Effect of Repeated Fungicide Applications on Creeping Bentgrass Turf
- Zachary J. Reicher and
- Clark S. Throssell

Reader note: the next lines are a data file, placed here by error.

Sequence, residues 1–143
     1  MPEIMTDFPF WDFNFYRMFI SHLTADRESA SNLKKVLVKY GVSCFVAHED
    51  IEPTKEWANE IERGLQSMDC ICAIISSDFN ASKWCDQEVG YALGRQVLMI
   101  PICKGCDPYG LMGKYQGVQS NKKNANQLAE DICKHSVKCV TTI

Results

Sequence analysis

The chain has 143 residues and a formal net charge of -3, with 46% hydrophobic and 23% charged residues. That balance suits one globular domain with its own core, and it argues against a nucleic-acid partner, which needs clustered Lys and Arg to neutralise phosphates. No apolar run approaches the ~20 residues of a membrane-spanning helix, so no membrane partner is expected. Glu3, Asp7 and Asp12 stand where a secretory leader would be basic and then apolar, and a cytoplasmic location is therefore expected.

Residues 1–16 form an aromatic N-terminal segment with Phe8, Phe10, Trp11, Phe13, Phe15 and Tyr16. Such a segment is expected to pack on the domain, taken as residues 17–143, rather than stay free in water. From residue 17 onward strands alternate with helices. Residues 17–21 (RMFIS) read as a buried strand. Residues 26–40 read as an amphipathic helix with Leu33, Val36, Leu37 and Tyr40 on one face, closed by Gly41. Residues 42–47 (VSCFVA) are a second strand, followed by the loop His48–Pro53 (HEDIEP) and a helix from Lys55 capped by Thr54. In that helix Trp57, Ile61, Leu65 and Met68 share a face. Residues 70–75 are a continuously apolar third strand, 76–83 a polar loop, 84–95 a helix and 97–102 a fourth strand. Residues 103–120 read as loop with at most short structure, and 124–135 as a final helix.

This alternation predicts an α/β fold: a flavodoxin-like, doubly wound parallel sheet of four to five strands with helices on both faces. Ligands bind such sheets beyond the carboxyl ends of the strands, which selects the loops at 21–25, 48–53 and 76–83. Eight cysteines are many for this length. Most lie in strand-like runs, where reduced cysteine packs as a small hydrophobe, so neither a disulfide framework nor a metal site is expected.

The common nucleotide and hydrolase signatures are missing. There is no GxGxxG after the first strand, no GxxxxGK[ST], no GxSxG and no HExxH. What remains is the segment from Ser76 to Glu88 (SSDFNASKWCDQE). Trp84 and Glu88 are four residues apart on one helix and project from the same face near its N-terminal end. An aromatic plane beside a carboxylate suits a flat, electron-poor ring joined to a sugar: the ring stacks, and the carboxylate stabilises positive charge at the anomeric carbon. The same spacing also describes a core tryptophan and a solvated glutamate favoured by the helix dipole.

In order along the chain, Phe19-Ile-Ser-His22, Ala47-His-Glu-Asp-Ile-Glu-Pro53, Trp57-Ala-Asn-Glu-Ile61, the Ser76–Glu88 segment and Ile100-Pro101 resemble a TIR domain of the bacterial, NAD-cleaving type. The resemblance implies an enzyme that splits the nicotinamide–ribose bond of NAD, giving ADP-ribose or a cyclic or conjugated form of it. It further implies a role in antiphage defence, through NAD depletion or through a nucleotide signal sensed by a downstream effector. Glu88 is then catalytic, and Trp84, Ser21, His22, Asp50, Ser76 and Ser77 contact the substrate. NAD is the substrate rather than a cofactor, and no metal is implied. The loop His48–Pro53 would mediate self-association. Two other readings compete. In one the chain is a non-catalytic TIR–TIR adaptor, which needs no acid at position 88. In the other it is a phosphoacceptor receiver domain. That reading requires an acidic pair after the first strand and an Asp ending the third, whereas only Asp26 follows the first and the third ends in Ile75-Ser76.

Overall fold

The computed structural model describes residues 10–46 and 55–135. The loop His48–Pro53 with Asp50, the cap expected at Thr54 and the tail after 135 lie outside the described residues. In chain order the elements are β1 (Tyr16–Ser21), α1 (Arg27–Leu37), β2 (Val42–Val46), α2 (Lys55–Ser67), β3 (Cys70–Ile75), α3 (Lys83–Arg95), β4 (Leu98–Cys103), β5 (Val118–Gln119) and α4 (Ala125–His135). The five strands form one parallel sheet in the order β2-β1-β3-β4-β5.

Though fungicides are regularly applied to creeping bentgrass (Agrostis palustris Huds.) turf throughout a growing season, little is known about possible non-target effects of these applications on turfgrass growth and metabolism. The objective of this field study was to determine the effect of 3 yr of multiple applications of fungicides to ‘Penncross’ creeping bentgrass maintained under putting green conditions and on a native silt loam soil. Benomyl [methyl-1-(butylcarbamoyl)-2-benzimidazolecarbamate] at 3.05 kg ha−1, iprodione [3-(3,5-dichlorophenyl)-N-(1-methylethyl)-2,4-dioxo-1-imidazolidinecarboximide] at 3.05 kg ha−1, and propiconazole [1-(2-(2,4-dichlorophenyl)-4-propyl-1,3-dioxolan-2-ylmethyl)-1H-1,2,4-triazole] at 0.84 kg ha−1 were applied weekly or alternated with chlorothalonil (tetrachloroisophthalonitrile) at 6.36 kg ha−1. Sixteen applications were made in each of 3 yr. Propiconazole applied weekly or alternated with chlorothalonil increased clipping weights, turned bentgrass dark green, and decreased visual quality throughout the study. Chlorothalonil, propiconazole, and benomyl reduced water-soluble carbohydrate (WSC) concentrations of clippings during the study, this effect was most common in the heat of late summer. Benomyl applied weekly and chlorothalonil applied weekly or alternated with the other fungicides decreased earthworm activity. Propiconazole applied weekly or alternated with chlorothalonil increased damage from pink snow mold (Microdochium nivale Samuels and I. C. Hallett). Chlorothalonil applied weekly and alternated with the other fungicides increased rooting the last year of the study. Fungicides applied frequently did not have serious negative non-target effects on Penncross creeping bentgrass.
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